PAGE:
Linux: Virtualbox shared folder – how to share files from host to guest OS in Virtualbox

add-shared-folder-in-virtualbox-linux-virtual-machine-on-top-of-windows-howto

If you just installed Debian / Ubuntu / CentOS Linux on top of Windows inside Virtualbox Virtual Machine and you're wondering how to Share files between Windows Host Operating System and Guest Operating System (Linux), here is how:

1. First make sure Virtualbox guest additions are installed

Besides installing Virtualbox guest additions which will enable you to resize VBox Window / enable copy paste between guest and host OS it is useful to have also Virtualbox extension packs which allows your Virtual Machine to be accessed remote via Remote Desktop Protocol (RDP) – the so called VRDP

2. From Virtualbox VM select folder on Windows hsot which will be shared

Selection of which Win folder to mount in Vbox is done via Virtualbox menus:
 

Machine -> Settings -> Shared Folder

virtualbox-windows-linux-guest-OS-how-to-shared_folder-screenshot2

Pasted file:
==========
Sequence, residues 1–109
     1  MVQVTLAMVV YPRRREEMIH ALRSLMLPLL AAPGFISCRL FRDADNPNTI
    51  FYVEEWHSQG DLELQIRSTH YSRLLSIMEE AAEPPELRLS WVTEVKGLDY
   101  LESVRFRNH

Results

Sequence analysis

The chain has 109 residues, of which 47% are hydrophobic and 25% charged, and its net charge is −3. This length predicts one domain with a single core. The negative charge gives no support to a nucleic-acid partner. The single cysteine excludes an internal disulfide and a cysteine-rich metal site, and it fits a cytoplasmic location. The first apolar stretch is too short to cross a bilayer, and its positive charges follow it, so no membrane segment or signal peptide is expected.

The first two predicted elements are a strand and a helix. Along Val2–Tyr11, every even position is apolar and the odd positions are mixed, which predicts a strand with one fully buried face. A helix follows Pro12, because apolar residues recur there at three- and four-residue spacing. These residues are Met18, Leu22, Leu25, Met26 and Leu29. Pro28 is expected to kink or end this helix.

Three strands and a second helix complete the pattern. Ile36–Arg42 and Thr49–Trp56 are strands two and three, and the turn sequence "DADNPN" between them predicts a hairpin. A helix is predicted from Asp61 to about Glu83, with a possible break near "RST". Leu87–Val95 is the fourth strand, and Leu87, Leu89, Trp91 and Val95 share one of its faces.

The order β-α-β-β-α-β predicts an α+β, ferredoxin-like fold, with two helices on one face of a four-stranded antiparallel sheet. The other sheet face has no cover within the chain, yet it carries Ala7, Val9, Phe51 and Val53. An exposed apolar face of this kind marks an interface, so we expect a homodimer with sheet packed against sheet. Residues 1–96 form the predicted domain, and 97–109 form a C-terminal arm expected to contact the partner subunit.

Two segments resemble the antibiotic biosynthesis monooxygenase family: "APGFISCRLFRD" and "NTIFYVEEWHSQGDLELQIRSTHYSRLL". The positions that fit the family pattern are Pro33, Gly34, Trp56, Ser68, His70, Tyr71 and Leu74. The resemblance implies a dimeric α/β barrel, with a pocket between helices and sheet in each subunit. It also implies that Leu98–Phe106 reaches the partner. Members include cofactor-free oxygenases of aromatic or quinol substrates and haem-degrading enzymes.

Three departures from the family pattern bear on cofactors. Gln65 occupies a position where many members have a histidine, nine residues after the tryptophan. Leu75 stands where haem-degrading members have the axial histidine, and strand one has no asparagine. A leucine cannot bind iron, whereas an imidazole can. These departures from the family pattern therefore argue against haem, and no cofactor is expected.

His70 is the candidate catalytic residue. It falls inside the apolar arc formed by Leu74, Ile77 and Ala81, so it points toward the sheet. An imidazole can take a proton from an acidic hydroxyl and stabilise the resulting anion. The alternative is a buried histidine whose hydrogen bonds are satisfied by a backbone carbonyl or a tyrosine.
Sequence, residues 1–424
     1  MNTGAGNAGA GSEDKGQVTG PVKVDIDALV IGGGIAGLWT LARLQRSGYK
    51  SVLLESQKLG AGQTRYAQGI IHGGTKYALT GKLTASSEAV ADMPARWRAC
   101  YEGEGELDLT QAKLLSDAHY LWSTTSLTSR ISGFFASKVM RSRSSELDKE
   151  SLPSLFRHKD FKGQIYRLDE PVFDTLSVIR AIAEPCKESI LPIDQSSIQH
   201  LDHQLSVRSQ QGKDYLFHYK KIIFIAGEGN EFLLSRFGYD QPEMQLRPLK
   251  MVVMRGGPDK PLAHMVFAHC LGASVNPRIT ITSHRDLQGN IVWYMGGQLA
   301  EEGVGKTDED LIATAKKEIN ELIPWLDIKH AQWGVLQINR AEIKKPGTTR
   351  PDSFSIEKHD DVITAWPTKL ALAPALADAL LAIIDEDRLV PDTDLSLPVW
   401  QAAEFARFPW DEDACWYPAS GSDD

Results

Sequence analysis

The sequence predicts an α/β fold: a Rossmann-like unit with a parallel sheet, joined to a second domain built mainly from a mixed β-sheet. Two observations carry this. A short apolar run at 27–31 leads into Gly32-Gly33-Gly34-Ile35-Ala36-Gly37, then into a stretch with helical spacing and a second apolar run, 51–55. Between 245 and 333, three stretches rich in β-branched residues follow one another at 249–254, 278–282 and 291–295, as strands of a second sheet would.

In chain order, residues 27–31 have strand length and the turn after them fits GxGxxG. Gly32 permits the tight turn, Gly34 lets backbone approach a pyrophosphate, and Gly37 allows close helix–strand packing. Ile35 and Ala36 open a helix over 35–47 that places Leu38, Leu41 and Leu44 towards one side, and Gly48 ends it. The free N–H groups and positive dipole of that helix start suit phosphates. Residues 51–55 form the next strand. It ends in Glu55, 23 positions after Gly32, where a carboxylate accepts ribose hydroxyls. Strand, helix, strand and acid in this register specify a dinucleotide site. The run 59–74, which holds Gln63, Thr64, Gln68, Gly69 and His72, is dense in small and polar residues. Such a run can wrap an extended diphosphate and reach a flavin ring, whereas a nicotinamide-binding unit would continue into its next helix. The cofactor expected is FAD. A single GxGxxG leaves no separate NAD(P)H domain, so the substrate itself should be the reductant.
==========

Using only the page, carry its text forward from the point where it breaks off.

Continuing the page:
virtualbox-windows-linux-guest-OS-how-to-shared_folder-screenshot

3. Launch Linux Virtual Machine and use mount command to mount shared folder

I like the practice of creating a new folder inside c:UsersgeorgiDownloadsShared_folder

Then fire up gnome-terminal / xterm whatever terminal you like and to mount shared folder inside emulated Linux issue:

mount -t vboxsf -o rw Shared_folder /mnt/Shared_folder/

 

This will mount Shared_folder in rw (read / write) mode, if you prefer to only mount Virtualbox Shared_folder for reading:

mount -t vboxsf -o ro Shared_folder /mnt/Shared_folder/

4. Configure Virtualbox Shared Folder to auto mount in Linux via fstab

As we all know automating mounts in Linux is done by adding line in /etc/fstab to automate Vbox Shared_Folder mount add new line to fstab like:
 

Shared_folder         /mnt/Shared_folder         vboxsf  defaults,rw    0 0

This will auto-mount in vbox shared folder read / write mode, to auto-mount it in read only mode:

Shared_folder         /mnt/Shared_folder         vboxsf  defaults,ro    0 0

  If you added it to /etc/fstab (and you didn't mount Shared Folder manually before), run

mount -a

to make Linux system re-read auto-mounts defined in fstab
 

The new mounted folder will appear in whenever said to be mounted. Enjoy 🙂

 

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